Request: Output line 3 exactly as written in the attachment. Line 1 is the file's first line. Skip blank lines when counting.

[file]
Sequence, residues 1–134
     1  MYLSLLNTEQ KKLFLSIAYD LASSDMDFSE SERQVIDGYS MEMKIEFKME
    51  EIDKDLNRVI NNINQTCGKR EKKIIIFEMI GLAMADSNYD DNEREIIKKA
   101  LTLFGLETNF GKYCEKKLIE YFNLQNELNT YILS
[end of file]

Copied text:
    51  EIDKDLNRVI NNINQTCGKR EKKIIIFEMI GLAMADSNYD DNEREIIKKA